For Immediate Release: March 25, 2020
Contact: Traci Gleason
The Crisis We Face: How Missouri Can Respond to the Economic Impacts of COVID-19
New MBP Report Illustrates State Actions to Cushion the Blow for Families, Mitigate Economic Recovery
It is critical for Missouri to act in tandem with federal government responses to the Coronavirus pandemic in order to cushion the blow for families trying to make ends meet. A new Missouri Budget Project report details how our state can help families withstand the anticipated economic downturn, minimizing longer-term economic damage and mitigating the state’s economic recovery.
“The choices our elected officials make now can help Missourians weather the Coronavirus outbreak and set the course for the recovery of our communities and economy,” said Amy Blouin, President and CEO of Missouri Budget Project.
Increased unemployment and economic declines resulting from the pandemic will likely cause steep reductions in general revenue. These reductions in the funding Missouri relies on to carry out critical public services will come at the same time as more Missourians struggle to make ends meet and need safety net services.
“Many Missourians face layoffs, reduced hours, sickness, or caregiving needs,” continued Blouin. “By acting now to reduce the hardship faced by families, our state can mitigate the longer term consequences our communities would face.”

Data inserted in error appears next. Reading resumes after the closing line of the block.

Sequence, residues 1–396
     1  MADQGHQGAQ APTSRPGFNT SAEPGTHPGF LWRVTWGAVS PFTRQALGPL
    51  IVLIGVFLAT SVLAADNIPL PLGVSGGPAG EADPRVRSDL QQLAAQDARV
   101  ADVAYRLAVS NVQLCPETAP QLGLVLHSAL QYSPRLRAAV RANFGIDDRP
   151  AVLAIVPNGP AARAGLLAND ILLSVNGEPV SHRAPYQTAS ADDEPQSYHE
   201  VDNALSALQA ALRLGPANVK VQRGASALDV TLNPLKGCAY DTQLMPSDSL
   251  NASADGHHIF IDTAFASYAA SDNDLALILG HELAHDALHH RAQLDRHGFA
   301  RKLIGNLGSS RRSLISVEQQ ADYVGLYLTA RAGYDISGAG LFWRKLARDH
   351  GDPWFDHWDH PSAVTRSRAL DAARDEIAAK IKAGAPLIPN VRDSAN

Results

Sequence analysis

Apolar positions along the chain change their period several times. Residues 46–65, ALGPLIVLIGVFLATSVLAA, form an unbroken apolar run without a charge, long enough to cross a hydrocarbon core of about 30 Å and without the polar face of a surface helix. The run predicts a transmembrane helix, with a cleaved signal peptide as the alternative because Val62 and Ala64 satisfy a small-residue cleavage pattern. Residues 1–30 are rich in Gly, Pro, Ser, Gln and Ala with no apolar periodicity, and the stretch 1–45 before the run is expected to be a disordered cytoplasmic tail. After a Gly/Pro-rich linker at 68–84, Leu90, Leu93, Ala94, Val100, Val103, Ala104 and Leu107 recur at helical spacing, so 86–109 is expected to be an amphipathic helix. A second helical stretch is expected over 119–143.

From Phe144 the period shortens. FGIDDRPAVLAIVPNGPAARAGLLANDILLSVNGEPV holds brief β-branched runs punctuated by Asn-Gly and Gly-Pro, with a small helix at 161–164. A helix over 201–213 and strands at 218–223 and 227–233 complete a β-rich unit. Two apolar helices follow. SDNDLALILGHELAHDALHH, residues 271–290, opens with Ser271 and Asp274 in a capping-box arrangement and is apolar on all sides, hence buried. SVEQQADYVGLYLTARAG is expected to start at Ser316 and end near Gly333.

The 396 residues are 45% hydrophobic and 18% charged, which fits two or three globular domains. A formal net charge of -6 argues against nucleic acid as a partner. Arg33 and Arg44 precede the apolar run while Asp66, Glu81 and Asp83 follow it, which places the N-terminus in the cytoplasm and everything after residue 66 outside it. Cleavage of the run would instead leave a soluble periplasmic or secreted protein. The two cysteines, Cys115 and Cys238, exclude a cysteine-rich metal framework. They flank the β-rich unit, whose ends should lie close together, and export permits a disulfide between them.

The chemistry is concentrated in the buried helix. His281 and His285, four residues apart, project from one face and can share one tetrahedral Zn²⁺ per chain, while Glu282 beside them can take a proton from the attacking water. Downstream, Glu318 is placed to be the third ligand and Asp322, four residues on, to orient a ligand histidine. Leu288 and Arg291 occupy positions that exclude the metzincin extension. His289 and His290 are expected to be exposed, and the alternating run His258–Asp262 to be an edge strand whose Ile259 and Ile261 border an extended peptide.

While Congress has passed and continues to consider federal responses to the pandemic, Missouri must act to ensure residents can qualify for enhanced federal programs, like support for Medicaid and extensions to unemployment. But Missouri can also act to streamline applications and eligibility for nutrition assistance, Medicaid health coverage, and other supports that help families make ends meet.
“Consumer demand dries up when families can’t pay their bills,” said Blouin. “Policymakers recognize this and can choose to shore up our budget structure to help families weather this storm.”
In its report, Missouri Budget Project outlines ways to stabilize the state budget, improve Medicaid health coverage and the public health infrastructure, enhance nutrition assistance and economic support, and ensure Missourians can fully access federally approved policy changes like extended unemployment.
“This health crisis is like nothing most Missourians have ever experienced,” said Blouin. “Missourians are rising to the uncertainty and challenges of this time, and our state must do the same.”
The Missouri Budget Project is a nonprofit public policy analysis organization that analyzes state budget, tax, and economic issues.